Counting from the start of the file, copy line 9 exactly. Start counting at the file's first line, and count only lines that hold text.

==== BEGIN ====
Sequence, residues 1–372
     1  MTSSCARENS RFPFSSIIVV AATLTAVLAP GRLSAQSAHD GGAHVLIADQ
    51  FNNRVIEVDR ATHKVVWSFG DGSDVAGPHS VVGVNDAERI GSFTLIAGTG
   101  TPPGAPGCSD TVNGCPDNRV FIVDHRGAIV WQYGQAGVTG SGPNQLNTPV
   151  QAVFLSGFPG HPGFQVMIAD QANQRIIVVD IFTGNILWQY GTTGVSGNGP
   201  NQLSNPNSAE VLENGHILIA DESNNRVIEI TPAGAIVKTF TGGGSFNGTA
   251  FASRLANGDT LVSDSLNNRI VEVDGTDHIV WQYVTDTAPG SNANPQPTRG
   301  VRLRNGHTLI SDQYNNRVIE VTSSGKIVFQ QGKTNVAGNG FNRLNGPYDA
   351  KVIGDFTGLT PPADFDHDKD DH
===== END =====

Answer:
   351  KVIGDFTGLT PPADFDHDKD DH